I know I normally write about normal day-to-day things, so this is a bit out of the norm for me, as it should never be seen as a normal day-to-day thing. But yesterday, in the small town where we now live, an elderly man waited for his wife and daughter to leave the house to ironically attend a service for a young man of 24, who died after sustaining brain injuries in a car crash, and then shot himself. Alone in his garden, flanking the mighty Vaal River, on a clear-sky, exquisite day in Africa, under lofty trees filled with bird-song. I did not know him, we are too new in town, but I never stopped thinking about what thoughts and feelings must have driven him to this deed on such a beautiful morning.
We live in a world where people rush past each other, where greed is taking its toll in that we have learnt a culture over the past few years of spend, spend and spend. At times it feels like there cannot possibly be anything else that could go wrong.
In my own life, I would be blind to say only the past few years have been difficult. Life in general has been a battle, whether I had loads of available cash-flow, or very little as we are now experiencing after coming back from Tanzania with nothing but our few personal belongings. In my particular case this past year has yielded some amazing highs, like getting married to the most adorable man in the universe, and it has brought some rock-bottom moments of despair – mainly caused by outsiders who have managed to either shake our belief in what is right or wrong in values, who have made us doubt our own self-worth, who have forsaken us as friends because it seems they were just good-time friends anyway. And yet one has to put one foot in front of the other, face each morning with renewed hope that The Almighty will bestow Grace upon us one day at a time, trust the people we meet and do business with, until proven wrong, love and cherish one another.
I am not stating anything unique – my story will echo around the world and every person has his or her own sorrow, pain and hopefully happiness. But like my daughter taught me in that incredibly painful time I split from her father: eat the elephant bite by bite.
May The Almighty grant this family, unknown to me, grace and peace and may the soul of the elderly man, who actually took the step to take his life, unlike many of us who have had the thoughts at times, and thankfully did not turn it into action, rest in peace. And my we all be granted the wisdom to chew the elephant bite by bite as we face the trials and tribulations of each day, each week, each month, each year.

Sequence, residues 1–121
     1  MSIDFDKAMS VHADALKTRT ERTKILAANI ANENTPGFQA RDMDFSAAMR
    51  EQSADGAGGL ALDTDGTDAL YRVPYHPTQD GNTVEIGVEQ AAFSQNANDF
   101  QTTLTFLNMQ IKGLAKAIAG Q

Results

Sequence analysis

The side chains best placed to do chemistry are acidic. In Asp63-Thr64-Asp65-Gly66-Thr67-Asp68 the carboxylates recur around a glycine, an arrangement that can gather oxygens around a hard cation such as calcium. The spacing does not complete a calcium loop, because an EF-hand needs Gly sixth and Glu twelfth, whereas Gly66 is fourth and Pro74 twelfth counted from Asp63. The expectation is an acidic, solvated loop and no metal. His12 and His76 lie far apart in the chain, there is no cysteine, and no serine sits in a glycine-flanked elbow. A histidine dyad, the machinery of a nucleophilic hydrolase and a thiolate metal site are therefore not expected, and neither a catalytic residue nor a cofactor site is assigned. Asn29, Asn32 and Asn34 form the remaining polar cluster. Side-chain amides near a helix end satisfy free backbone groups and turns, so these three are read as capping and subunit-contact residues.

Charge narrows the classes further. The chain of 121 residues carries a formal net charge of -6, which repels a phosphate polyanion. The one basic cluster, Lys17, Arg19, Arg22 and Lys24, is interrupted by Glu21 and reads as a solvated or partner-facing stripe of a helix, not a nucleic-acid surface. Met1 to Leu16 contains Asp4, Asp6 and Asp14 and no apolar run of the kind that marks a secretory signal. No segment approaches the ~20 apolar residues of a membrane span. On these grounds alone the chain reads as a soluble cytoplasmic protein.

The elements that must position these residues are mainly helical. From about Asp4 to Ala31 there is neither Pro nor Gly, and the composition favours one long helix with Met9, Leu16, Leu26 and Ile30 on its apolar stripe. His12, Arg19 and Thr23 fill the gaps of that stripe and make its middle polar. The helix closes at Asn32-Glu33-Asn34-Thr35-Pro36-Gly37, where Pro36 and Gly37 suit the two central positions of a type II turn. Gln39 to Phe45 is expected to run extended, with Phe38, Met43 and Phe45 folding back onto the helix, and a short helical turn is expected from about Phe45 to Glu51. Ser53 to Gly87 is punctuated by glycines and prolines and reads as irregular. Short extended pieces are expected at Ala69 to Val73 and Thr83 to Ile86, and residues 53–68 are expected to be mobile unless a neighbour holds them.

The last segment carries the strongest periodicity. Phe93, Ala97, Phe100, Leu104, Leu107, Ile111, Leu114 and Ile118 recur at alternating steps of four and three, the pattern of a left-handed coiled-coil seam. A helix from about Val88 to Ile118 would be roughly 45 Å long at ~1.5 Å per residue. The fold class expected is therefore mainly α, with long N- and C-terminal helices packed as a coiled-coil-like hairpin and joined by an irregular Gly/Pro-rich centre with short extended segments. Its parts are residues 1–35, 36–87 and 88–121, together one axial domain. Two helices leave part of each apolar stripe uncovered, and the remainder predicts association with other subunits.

A quote from Oriah Mountain Dreamer – The Invitation:
It doesn’t interest me how old you are. I want to know if you will risk looking like a fool for love, for your dream, for the adventure of being alive.
It doesn’t interest me what planets are squaring your moon. I want to know if you have touched the centre of your own sorrow, if you have been opened by life’s betrayals or have become shrivelled and closed from fear of further pain.
I want to know if you can sit with pain, mine or your own, without moving to hide it, or fade it, or fix it.
- How To Talk To Your Children About Suicide And Depression (simplysenia.com)
- Elderly Suicide Epidemic Strikes South Korea (disinfo.com)
- Utah Is Trying to Stop a Suicide Epidemic – While Loosening Gun Laws (motherjones.com)
- Living suicides (exploringlifeweb.wordpress.com)
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The pain of suicide is left for the survivors.
It is very ironic that the poem you quote from is one I have drawn a great hope and inspiration from recently, and this very evening sent to someone in the hope of doing the same. Unable to sleep, but unable to concentrate enough to write in my blog, I entered my favorite movie (Out of Africa) into the search engine and found your blog. And this was the last page I read – just as my alarm went off for me to go to work. No coincidences in life. But I think I will be taking an optional vacation day…God is good.
Anne Squared, I can only tell you that I Personally have never had to face the pain of someone close to me leaving us by committing suicide. For that I am thankful. For the crosses we each have to bear in every day life, yes, God is good. And the poem I quote has carried me through many dark days and nights. I am grateful that my blog has meant something to you. Take care, count blessings and hold on to our Father. And I trust the day off was good.